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Name:  Page Boulevard Police Station
Address:  Page and Union Boulevards (N/E corner)
Year:  1908
Date of Demolition:  Unknown
Architectural Firm/Architect:   James A. Smith and other
Standard Architectural Styles:  Classic Revival
Front facade:  Brick, common bond
Property Type Codes:  Police station
Alterations:  Renovated before re-opening in 1966; demolished ca. 1995.
Designation: City Landmark, National Register of Historic Places,
Ward:  26
Neighborhood:  51
When it was announced in 1907 that a police district was to be formed in the area north of Forest Park, the idea was protested. Property owners in the then fashionable neighborhood and the administrators of a nearby orphans home objected to a "police-type building with bars that would blight the neighborhood and adversely affect children." To meet these objections, the new Twelfth District Station was designed in a classic colonial style to harmonize with its surroundings. The building was used by the police until 1963, when the district was consolidated into the more modern Deer Street Station.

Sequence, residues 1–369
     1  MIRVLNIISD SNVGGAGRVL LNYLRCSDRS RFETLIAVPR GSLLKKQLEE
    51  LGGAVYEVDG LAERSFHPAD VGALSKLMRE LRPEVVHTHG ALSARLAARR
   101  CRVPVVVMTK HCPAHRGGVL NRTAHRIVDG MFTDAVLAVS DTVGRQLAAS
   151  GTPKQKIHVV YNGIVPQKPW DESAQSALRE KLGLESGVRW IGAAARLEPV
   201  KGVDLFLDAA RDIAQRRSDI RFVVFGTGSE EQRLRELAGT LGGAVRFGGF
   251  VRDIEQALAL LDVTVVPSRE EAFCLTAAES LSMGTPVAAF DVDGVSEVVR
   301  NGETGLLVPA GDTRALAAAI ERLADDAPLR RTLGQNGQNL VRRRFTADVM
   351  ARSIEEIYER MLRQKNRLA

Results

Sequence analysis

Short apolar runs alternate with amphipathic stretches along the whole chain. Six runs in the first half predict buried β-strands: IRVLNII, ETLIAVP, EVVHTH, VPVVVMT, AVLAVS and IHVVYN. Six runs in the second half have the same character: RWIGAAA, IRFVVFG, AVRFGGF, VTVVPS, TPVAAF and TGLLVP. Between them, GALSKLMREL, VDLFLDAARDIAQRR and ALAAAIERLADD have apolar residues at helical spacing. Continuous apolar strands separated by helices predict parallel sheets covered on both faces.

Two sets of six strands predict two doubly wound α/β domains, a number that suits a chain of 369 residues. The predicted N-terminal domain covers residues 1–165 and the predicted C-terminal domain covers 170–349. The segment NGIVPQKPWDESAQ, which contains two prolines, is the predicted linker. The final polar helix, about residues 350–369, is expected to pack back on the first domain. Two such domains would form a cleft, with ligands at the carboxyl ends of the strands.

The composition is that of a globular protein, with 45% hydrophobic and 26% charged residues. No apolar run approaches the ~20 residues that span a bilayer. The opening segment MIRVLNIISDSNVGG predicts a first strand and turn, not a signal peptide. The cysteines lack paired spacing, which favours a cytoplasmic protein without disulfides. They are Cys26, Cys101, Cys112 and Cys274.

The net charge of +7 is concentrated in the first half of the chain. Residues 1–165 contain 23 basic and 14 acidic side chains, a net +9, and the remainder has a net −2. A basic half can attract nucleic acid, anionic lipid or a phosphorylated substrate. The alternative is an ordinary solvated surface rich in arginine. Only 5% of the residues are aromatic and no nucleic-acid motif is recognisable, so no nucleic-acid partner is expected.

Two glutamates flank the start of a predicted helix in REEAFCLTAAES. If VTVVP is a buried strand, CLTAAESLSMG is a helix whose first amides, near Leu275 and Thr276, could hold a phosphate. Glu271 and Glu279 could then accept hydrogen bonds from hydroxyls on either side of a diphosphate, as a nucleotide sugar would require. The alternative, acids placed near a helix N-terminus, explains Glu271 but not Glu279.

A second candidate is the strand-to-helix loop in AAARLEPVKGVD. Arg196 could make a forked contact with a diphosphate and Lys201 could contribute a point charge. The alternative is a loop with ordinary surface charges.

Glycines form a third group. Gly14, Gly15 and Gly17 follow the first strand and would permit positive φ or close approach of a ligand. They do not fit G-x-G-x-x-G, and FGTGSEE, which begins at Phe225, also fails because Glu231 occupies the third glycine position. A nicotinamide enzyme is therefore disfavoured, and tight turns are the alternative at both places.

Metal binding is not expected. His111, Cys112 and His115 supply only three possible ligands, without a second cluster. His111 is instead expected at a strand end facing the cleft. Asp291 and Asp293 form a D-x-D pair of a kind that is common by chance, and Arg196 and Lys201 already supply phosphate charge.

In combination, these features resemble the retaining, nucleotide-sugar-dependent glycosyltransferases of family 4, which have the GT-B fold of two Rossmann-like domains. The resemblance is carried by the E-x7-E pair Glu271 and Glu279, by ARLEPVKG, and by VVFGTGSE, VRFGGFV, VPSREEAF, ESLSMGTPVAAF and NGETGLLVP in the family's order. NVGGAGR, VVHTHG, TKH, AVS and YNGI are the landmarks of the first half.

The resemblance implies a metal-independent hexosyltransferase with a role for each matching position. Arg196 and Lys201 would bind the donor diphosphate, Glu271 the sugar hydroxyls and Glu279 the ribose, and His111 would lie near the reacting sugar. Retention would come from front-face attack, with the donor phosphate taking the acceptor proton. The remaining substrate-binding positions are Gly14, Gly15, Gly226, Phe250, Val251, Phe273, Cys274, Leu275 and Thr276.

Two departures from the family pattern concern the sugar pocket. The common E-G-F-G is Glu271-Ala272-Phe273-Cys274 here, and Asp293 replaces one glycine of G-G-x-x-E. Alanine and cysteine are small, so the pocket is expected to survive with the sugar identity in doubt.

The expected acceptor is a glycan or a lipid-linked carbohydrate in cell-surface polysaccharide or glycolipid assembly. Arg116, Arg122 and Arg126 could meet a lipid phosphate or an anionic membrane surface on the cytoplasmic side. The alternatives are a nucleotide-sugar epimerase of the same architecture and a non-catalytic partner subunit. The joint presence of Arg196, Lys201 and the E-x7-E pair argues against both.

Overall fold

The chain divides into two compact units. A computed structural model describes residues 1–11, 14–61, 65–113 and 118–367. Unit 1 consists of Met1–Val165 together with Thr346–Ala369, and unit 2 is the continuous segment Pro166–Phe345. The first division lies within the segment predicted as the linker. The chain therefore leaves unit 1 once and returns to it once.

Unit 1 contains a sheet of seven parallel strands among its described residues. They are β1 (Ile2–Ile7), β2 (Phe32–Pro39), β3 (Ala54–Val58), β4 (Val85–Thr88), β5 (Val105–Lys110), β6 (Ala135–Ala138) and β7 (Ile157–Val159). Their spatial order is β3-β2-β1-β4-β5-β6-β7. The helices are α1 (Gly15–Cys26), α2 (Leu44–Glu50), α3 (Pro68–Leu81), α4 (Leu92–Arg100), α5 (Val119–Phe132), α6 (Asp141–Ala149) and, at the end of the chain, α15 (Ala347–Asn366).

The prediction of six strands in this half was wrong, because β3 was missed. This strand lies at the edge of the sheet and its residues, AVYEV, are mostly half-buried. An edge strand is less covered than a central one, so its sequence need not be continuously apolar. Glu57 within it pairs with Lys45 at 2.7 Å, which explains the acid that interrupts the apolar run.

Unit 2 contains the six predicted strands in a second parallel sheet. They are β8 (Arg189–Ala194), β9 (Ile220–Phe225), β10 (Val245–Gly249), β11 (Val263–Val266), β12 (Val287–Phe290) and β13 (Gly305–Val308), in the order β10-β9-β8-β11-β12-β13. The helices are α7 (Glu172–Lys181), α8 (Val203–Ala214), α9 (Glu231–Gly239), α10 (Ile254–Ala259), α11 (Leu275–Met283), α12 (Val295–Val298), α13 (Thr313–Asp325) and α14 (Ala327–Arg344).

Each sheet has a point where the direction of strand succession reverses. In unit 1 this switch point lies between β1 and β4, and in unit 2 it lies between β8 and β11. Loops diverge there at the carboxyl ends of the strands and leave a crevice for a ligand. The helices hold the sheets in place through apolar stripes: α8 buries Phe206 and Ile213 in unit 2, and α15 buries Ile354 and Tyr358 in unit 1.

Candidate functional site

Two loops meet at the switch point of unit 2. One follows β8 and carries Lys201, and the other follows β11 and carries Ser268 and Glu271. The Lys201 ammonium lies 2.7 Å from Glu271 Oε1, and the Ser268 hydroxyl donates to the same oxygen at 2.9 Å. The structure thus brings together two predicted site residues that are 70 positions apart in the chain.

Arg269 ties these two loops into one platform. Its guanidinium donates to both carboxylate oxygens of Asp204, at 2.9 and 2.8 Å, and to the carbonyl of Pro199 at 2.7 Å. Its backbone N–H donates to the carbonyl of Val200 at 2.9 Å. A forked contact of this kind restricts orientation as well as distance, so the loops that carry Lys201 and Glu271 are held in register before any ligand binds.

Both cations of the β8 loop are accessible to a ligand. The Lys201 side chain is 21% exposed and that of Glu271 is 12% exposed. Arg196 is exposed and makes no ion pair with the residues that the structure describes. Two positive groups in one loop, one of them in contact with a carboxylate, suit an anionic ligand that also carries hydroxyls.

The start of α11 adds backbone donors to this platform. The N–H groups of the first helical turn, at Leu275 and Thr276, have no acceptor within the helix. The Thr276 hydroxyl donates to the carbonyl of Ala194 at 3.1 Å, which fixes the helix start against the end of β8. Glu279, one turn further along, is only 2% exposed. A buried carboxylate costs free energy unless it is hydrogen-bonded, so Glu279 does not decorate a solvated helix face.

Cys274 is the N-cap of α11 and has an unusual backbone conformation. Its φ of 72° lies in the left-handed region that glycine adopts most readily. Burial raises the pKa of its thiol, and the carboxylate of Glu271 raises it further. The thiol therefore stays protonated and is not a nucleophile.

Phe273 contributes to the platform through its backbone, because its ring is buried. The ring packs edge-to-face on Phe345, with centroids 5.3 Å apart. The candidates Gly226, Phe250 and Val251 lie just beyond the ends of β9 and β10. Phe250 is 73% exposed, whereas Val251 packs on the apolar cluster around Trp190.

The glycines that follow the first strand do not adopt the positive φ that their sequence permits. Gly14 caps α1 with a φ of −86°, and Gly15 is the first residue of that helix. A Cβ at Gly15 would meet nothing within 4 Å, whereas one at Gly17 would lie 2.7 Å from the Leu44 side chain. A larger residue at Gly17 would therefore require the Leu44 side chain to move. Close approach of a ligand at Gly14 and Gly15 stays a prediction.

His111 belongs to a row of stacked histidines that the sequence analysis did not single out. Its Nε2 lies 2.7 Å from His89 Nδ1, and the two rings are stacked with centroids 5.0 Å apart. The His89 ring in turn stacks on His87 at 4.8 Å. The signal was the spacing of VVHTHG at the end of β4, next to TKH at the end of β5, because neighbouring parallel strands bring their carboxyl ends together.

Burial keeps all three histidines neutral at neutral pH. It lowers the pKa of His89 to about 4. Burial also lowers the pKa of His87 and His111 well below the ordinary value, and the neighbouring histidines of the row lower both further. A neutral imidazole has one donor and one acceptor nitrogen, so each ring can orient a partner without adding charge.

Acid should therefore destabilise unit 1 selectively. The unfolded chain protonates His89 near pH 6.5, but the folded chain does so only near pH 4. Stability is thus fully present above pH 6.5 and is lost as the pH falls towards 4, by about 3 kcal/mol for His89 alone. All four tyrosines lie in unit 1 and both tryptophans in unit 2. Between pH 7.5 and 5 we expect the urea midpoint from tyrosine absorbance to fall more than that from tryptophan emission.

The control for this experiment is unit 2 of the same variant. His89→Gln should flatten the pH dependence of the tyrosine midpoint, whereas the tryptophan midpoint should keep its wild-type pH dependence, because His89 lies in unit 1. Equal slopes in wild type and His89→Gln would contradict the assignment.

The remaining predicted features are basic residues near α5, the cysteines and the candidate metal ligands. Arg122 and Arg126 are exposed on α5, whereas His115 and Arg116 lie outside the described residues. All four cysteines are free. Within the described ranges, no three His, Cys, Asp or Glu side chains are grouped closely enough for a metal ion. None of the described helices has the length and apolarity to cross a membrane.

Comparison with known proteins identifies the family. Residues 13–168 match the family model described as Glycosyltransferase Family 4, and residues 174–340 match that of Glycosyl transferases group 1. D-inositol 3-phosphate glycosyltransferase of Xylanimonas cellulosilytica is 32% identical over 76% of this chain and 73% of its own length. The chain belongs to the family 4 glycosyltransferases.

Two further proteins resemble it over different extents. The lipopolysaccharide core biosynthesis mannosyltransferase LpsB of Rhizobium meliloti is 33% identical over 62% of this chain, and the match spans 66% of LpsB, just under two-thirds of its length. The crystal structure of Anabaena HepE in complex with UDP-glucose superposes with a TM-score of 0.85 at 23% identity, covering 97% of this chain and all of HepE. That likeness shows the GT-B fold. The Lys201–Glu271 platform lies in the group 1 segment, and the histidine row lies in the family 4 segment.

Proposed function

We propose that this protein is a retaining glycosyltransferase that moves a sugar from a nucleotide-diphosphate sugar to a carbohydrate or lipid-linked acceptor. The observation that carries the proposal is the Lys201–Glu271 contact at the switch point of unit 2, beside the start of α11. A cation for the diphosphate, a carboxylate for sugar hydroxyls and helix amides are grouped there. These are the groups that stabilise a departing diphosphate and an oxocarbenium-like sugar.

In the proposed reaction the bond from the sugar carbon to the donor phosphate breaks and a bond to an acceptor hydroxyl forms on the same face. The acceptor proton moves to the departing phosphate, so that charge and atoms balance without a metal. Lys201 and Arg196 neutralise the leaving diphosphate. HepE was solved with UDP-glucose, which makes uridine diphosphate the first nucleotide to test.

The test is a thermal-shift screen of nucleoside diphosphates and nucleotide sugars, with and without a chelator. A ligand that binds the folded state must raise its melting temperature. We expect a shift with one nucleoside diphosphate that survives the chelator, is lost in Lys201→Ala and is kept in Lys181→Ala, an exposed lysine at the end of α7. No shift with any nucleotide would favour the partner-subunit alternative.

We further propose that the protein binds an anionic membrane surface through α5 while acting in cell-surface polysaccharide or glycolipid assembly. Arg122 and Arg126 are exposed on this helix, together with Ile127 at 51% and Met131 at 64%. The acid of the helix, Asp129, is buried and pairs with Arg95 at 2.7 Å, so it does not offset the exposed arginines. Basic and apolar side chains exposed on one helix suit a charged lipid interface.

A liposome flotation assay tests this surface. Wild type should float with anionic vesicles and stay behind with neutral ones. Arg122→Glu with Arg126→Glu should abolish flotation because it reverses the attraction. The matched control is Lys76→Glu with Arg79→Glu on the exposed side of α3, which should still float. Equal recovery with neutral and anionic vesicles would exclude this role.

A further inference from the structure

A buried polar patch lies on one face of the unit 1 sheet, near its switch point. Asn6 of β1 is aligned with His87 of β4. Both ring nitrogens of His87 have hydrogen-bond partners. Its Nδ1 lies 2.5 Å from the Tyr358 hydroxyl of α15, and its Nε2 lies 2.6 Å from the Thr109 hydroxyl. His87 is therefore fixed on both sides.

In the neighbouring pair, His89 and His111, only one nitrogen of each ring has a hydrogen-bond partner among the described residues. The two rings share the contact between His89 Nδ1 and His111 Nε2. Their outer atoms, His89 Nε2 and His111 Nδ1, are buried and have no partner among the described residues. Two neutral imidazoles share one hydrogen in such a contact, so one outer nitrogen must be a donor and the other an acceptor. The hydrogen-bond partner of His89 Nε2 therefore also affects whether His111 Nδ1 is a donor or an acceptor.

After requests from area residents, the station was reopened in 1966, but was again closed in 1973 when the district headquarters was relocated in the old Y.M.C.A. building at Enright and Union, as the 7th District.

"On May 4, 1908, a building permit was issued to the Police Department, City of St. Louis, for a three-story brick police station with iron girders, estimated to cost $35,959. J. A. Smith and W. R. Faulkner were recorded as architects for the building and McCully Construction Co. the contractor. The Page Boulevard Police Station holds a significant position among St. Louis public buildings for its architectural merit and as an exemplary product of a new political era in municipal government. [From the nomination to the National Register of Historic Places as prepared by Mary M. Stiritz, research associate, and Carolyn Hewes Toft, executive director, Landmarks Association of St. Louis, Inc.]

C. McCulley Company, Bob
Smith, James A.



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